She started teaching in 1962 at the Prospect Secondary School for Girls. She'd just graduated from Mount Allison University in Canada and wasn't much older than some of her students.

“Just the semester before, while in university, I'd been twisting and dancing,” she said. “Suddenly, I had to sit on a stage as a teacher, prim and proper.”

In 1964 she married Roderic Pearman, an old classmate from her days at the Berkeley Institute.

“At Berkeley I wasn't all that into boys and that sort of stuff,” she said.

“My girlfriends were. I was into my art. I didn't know what I was going to be, but I knew I was going to go further than Bermuda. I knew my folks would facilitate it. Somehow I knew I was going to get out of here.”

She finished high school at Alma College in Canada, and didn't link up with Mr Pearman until after university.

He was deputy principal at Warwick Secondary School and St George's Secondary School before going into insurance.

“After I started teaching my father insisted on me getting my teacher-training qualifications,” she said.

She and her husband moved to New York City where she got her master's degree from New York University.

“I think I was the first Bermudian to get a master's in art education,” she said. “NYU opened my eyes to what an education in and through the arts meant to a child.”

After teaching for a few years in the United States, the Pearmans returned to Bermuda. She taught at Sandys Secondary School and West End Primary, taking some time out to have sons Scott and Michael.

She then taught art at Warwick Secondary from 1974 until retirement.

“My classroom was always a sanctuary for the students,” she said.

“I hardly ever got a lunch hour, because there were always students in the class making art during breaks.”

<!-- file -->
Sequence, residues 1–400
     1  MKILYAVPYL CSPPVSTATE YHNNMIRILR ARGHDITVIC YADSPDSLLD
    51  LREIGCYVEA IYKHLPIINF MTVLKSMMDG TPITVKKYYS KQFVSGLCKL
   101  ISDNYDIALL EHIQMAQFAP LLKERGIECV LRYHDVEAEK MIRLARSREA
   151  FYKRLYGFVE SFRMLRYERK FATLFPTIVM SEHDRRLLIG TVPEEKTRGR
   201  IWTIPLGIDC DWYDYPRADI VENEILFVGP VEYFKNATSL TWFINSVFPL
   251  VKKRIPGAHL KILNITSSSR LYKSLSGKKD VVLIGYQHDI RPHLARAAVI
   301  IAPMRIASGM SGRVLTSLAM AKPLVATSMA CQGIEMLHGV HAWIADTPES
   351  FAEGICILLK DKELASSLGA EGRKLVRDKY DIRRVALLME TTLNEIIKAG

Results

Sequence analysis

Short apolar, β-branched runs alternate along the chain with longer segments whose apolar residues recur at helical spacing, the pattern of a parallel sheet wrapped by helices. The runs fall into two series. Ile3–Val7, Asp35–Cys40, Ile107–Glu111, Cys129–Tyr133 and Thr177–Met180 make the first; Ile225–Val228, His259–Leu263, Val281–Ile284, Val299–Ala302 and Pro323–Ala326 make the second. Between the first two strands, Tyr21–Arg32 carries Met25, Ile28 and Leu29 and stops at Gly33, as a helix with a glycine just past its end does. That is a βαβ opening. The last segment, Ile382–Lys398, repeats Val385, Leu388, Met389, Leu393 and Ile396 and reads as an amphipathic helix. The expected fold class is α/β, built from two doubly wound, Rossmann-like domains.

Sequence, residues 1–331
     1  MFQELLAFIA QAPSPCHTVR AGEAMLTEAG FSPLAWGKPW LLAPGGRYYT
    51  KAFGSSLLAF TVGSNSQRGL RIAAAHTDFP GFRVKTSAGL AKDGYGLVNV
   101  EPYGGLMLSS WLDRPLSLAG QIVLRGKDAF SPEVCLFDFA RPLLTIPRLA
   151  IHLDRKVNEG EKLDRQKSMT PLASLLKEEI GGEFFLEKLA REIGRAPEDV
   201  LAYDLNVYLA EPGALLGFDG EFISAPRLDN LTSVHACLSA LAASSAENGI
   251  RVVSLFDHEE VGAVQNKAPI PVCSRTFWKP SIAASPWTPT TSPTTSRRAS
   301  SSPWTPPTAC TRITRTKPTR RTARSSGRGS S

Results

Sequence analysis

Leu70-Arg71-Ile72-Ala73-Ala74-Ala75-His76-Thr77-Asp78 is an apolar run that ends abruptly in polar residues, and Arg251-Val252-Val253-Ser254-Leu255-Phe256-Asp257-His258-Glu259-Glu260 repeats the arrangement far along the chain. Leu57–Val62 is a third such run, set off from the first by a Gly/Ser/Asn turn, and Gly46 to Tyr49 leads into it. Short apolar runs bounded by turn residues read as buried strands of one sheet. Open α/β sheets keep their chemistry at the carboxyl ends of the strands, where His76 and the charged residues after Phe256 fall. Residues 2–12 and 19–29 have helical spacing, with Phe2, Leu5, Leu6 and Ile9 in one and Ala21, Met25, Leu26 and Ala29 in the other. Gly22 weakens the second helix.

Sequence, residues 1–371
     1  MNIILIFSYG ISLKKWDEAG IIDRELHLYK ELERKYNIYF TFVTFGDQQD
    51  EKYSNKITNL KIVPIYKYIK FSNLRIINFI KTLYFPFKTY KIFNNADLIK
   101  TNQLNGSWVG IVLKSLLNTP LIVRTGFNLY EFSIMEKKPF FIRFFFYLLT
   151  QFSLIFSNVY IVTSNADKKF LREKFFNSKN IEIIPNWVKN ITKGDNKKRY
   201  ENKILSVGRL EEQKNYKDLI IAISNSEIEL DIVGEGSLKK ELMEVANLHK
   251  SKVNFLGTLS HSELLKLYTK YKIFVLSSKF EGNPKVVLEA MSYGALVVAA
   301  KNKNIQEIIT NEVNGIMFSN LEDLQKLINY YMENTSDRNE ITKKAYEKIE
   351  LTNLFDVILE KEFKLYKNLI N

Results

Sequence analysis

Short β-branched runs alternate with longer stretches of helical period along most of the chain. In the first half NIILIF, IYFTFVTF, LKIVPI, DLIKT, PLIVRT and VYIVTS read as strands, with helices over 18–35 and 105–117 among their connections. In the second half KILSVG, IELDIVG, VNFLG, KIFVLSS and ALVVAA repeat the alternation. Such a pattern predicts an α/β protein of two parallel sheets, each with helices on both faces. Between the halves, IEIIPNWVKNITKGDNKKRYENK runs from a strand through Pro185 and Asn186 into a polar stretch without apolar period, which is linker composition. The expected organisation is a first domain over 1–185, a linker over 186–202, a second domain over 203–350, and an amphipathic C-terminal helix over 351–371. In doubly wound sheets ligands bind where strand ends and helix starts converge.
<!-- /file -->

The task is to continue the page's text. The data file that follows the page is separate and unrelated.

In her spare time she enjoys stitchery, knitting, yoga and spending time with her granddaughters Robin-Valana, 9, and Anya-Aeleishe, 4. Mrs Pearman will sign copies of her book on Sunday at Somersfield Academy, from 2.30pm until 4.30pm.

•Lifestyle profiles senior citizens in the community every Tuesday. To suggest an outstanding senior contact Jessie Moniz Hardy: 278-0150 or jmhardy@royalgazette.com. Have on hand the senior's full name, contact details and the reason you are suggesting them.

A life of service: retired teacher Shirley Pearman with the Lifetime Achievement Award she received from the Bermuda Arts Council (Photograph by Akil Simmons)
Efforts rewarded: retired teacher Shirley Pearman with the Lifetime Achievement Award she received from the Bermuda Arts Council. (Photograph by Akil Simmons)
Well travelled: Shirley and Roderic Pearman visiting China (Photograph supplied)
Passing it on: Shirley Pearman with students at Warwick Secondary (Photograph supplied)

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Published November 22, 2016 at 8:00 am (Updated November 22, 2016 at 7:33 am)

The art of giving